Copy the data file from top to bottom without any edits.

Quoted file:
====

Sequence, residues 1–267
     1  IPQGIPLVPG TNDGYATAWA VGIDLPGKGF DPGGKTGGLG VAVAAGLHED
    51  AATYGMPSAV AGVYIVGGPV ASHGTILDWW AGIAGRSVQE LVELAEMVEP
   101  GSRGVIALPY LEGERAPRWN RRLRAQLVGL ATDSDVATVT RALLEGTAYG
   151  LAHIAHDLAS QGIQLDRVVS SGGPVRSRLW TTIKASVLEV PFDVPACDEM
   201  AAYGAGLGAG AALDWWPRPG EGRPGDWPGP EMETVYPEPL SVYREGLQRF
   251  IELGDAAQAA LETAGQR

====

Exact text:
Sequence, residues 1–267
     1  IPQGIPLVPG TNDGYATAWA VGIDLPGKGF DPGGKTGGLG VAVAAGLHED
    51  AATYGMPSAV AGVYIVGGPV ASHGTILDWW AGIAGRSVQE LVELAEMVEP
   101  GSRGVIALPY LEGERAPRWN RRLRAQLVGL ATDSDVATVT RALLEGTAYG
   151  LAHIAHDLAS QGIQLDRVVS SGGPVRSRLW TTIKASVLEV PFDVPACDEM
   201  AAYGAGLGAG AALDWWPRPG EGRPGDWPGP EMETVYPEPL SVYREGLQRF
   251  IELGDAAQAA LETAGQR